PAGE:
“I had to will myself to go to the grocery store,” said Lawson-Muhammad. “I didn’t know if someone was going to come up and spit on me.”

Some local groups jumped to her defense. Founding members of Parents in Partnership for Respect and Equity, or PARES, wrote a letter to “vehemently condemn the attack and salacious media circus” against Lawson-Muhammad and said the attacks appear politically motivated. “We fear that attacking Ms. Lawson-Muhammad is a blatant ploy to sow dissent and encourage discord among the BOE, just as it embarks on its plan to desegregate our school district.”

Another group, SOMA Justice, wrote a letter urging the school board and village president to not accept or request Lawson-Muhammad’s resignation, and noted they “strenuously disagree” with the characterizations of her behavior made by Walter Fields.

White, the SOMA Justice founder, told The Intercept that her group wanted to make clear that a black woman’s fear against the police is legitimate, justified and should be taken seriously. “From my perspective trying to make clear she is a good resident and good citizen is actually a very legitimate response to interacting with the police when you never know if you can be seriously hurt or injured or maimed and killed,” White said. “That this is something that is always on the presence of black people’s minds when they interact with the police is something I think most of my white neighbors don’t think about.”

In late 2018, NJ Advance Media for NJ.com reported that a black person in South Orange was nearly 10 times more likely to face use-of-force by the police than a white person. And in Maplewood, the journalists found, police use-of-force was more than three times the state average. The findings came from a 16-month investigation that involved analyzing records from every local police department in New Jersey over the last five years.

In response to claims from community members that Fields’s complaint was politically motivated, he denied that his ethics complaint had anything to do with Lawson-Muhammad’s work on the school board. In September, the School Ethics Commission director said they found no evidence that Fields had filed his complaint “in bad faith solely for the purpose of harassment, delay, or malicious injury.”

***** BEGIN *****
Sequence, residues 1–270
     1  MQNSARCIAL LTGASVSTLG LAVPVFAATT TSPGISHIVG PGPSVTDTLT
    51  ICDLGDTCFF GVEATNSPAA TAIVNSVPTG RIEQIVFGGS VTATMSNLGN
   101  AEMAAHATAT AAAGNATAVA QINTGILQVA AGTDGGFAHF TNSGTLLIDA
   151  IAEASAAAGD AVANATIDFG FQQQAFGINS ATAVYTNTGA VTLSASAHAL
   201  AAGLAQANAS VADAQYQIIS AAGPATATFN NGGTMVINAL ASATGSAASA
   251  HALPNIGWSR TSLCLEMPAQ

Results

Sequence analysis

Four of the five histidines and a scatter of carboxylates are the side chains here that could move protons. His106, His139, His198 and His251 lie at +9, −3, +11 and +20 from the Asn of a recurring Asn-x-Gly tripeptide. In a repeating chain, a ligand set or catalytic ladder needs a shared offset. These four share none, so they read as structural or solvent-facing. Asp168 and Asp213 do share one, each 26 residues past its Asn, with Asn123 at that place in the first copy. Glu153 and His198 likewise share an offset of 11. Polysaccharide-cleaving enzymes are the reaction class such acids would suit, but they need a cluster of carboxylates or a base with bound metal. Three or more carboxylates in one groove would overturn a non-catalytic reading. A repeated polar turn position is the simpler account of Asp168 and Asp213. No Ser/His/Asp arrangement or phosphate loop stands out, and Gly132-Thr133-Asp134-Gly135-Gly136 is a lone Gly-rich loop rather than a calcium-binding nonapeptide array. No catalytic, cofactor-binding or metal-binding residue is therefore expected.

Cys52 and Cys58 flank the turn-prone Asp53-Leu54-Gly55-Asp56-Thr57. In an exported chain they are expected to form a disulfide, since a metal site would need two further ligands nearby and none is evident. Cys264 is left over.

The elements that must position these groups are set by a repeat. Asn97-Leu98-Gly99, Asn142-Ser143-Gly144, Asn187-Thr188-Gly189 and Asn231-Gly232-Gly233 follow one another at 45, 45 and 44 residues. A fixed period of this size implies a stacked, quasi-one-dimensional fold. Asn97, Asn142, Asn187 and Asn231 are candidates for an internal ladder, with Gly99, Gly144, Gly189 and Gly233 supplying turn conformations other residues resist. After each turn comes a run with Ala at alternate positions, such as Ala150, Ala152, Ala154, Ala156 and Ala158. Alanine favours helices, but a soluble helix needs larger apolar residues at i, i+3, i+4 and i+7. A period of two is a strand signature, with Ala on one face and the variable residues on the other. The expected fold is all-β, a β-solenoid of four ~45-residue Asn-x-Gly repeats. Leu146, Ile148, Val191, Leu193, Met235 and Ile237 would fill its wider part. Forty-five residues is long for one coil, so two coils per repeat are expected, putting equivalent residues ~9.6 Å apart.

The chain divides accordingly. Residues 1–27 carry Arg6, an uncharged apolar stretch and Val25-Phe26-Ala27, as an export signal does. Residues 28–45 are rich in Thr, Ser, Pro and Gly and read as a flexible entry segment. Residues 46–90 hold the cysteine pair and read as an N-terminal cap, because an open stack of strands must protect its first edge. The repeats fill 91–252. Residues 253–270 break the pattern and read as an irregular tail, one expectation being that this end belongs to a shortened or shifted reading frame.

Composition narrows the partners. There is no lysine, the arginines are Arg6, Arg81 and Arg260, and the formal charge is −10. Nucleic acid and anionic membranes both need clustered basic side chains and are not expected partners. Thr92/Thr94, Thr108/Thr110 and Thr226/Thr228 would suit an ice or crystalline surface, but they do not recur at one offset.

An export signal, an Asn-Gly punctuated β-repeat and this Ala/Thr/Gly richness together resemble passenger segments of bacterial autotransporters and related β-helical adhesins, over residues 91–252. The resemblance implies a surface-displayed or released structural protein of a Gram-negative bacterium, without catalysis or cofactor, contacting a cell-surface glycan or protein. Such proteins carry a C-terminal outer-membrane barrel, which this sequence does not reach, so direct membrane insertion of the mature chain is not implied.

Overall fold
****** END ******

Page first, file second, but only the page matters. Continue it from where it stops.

However, in August, as advocates for the statewide integration lawsuit were preparing to meet with high-level members in Democratic Gov. Phil Murphy’s administration, Fields sent a stern email to one of the meeting organizers, condemning Lawson-Muhammad’s participation in the event. “We take offense to her inclusion given the failure of the South Orange-Maplewood School District to address the over two decades of segregation in its school district,” he wrote. “Ms. Lawson-Muhammad has been complicit in the district’s failure to address issues of equity and her participation in your panel is wrought with fraud.”

Fields went on to cite his organization’s own lawsuit, and said “Ms. Lawson-Muhammad’s tenure on the Board of Education has been marked by denial, defense and outright ignorance regarding the plethora of data that confirms the damage done to Black students by the district’s practices.” He told the organizer, Paul Scully of Building One America, that he would be making his concerns about Lawson-Muhammad known to the governor’s staff, and that any school integration effort that includes Lawson-Muhammad would not succeed.

Lawson-Muhammad told The Intercept the complaint against her — and the second one against Baker, the school board president (which was eventually dismissed) — was “absolutely” a chance for Fields to swipe at his political opponents. “He saw it as an opportunity to bring down the board, one hundred percent,” she said. “He’s suing the board, and he’s been against the board since before me.”

LAWSON-MUHAMMAD WASN’T overly concerned going into the state ethics hearing in November, because she knew the arguments Fields had been using against her weren’t true. She hadn’t tried to use her position on the school board to evade a ticket, she was just upset and scared, and wanted the cop to understand she wasn’t a threat. Her lawyer said the worst outcome she would probably get was a censure.

Seven commission members were present at the hearing—all Chris Christie appointees, including two of the former governor’s senior legal staff. One of the commissioners was Jude Tanella, a former Drug Enforcement Administration agent who was indicted by a New York State grand jury for first-degree manslaughter after shooting a black man in the back in 2002. The charge was later dismissed by a federal judge who said Tanella had acted reasonably in the situation, with “demonstrated restraint, sound judgment and courage in the proper exercise of his sworn duty to protest the public.” Under the federal Supremacy Clause, Tanella was then immune from state prosecution.

Tanella’s history of having shot and killed a black man while in law enforcement has not previously been tied to his role on the school board, but all evidence indicates that Tanella the officer and Tanella the panel member are the same person. Reached by phone, Tanella declined to comment for the story and referred all questions to Kathryn Whalen at the School Ethics Commission. The commission told The Intercept that Whalen could not speak with the press and referred calls to the Department of Education’s communications office. Mike Yaple, the Director of Public Information at the New Jersey Education Department, said his agency “does not play any official role” in selecting who serves on the School Ethics Commission, and that the State Ethics Commission — a separate entity — would be the body to determine when recusals are warranted.